I am one of those women who is blessed with extremely fast labors. In fact, I think that I am one of those women that other women hate when it comes to pregnancy and labor.
My first pregnancy was really very easy. I found out I was pregnant in early June, and I was able to work exceedingly long hours during an intense time at work through the first trimester. Was I ready to pass out on the couch at the end of the day? Absolutely! Did I take really long naps on the weekends? Of course. But overall, I felt great throughout my pregnancy with our son, and I really didn’t miss a beat. I worked up until the day I delivered, and besides being incredibly uncomfortable at the end, I didn’t have any major complaints. Because I had experienced such an easy pregnancy compared to all of the nausea, weight gain, swelling and discomfort I had read about, I was absolutely 100% convinced that my labor and delivery would be a nightmare.
I have an unreasonable dislike and fear of hospitals and all things medical, so I took the “ignorance is bliss” approach with my birth plan. My birth plan? Well, I was counting on showing up to the hospital, pushing when told to do so and delivering a baby with the help of experts. I honestly read nothing, planned nothing, wrote nothing and had zero plans for our son’s arrival. I didn’t want to tour the delivery wing of Ochsner ahead of time either because I knew it would just make me nervous. While I know that this would surprise those of you who know me as a planner, and while I also know that this approach would not work for many people, for me it was best. Yes, I know that knowledge is power, but I deeply trust my doctor and felt that she’d be able to inform me every step of the way. Besides, I was really busy at work!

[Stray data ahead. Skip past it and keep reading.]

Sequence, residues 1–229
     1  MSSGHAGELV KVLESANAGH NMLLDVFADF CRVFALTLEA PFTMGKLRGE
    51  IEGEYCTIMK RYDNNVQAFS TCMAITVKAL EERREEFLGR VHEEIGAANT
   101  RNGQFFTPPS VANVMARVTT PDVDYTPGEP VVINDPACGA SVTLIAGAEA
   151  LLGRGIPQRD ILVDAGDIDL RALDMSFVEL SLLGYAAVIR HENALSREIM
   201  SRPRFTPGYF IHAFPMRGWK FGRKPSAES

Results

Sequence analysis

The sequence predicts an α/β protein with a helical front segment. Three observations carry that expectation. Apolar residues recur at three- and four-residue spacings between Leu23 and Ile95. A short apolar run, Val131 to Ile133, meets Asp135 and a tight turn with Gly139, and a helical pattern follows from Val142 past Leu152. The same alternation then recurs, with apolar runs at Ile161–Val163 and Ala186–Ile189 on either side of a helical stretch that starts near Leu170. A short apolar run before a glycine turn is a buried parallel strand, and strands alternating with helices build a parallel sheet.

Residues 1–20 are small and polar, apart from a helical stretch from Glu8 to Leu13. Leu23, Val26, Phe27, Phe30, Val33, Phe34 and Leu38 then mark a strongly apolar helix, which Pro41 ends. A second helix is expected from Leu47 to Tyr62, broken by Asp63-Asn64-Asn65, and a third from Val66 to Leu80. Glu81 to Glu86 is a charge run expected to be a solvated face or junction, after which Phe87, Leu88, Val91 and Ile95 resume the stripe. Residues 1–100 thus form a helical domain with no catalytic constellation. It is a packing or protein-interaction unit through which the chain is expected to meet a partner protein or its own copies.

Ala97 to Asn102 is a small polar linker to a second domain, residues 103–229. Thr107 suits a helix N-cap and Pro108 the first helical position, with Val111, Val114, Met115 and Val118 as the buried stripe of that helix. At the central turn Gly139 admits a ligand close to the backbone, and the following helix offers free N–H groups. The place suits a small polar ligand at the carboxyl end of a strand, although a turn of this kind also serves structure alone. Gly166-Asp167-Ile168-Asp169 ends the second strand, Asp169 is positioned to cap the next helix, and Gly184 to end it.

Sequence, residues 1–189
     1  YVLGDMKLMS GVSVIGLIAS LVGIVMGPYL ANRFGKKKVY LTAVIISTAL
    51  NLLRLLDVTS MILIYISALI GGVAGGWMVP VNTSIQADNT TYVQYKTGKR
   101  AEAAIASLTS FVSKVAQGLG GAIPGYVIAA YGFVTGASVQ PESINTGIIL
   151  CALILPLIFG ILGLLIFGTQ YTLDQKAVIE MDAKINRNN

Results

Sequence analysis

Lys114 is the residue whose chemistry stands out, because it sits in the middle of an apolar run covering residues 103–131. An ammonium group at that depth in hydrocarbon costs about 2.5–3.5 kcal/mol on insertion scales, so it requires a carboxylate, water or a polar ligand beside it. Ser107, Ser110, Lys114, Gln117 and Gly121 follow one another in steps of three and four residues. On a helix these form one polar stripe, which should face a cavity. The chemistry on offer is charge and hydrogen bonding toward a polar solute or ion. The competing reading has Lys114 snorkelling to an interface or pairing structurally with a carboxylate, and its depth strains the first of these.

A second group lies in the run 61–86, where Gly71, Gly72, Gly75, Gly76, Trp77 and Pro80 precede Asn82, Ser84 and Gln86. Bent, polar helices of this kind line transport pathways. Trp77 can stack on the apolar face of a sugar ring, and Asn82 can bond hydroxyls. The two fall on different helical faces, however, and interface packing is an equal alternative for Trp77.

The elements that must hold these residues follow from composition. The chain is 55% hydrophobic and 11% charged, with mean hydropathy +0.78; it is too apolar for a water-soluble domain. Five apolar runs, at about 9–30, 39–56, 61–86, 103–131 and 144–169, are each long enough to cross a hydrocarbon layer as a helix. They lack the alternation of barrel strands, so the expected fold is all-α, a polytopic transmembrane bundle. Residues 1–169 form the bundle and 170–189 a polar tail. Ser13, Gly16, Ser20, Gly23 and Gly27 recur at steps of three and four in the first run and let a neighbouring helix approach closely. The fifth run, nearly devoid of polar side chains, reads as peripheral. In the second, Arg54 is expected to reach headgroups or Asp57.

On a Tuesday in February, I went to my 39 week appointment. Thatcher almost fell out of me right there in the exam room when my doctor informed me that A) she was leaving town that Friday and that B) she was absolutely positive I would not be pregnant when she returned the following week. I was due on February 16, but she believed I was very close to going into labor. She cut to the chase and said that I could either schedule an induction with her for that Thursday OR I could ride things out. While I may not have had a birth plan, I knew right then that riding things out and leaving my baby’s delivery to chance with a random doctor I had never met – no matter how fabulous – would not work for me. After discussing what an induction would mean in my case (I was extremely hesitant to receive drugs or be induced before I was ready), I decided to schedule it for that Thursday. As I left the office, I called my husband and said “holy crap – we’re having a baby!” He replied, “um, yes … you ARE pregnant!” To which I responded “no, I mean like soon! As in Thursday!” Silence.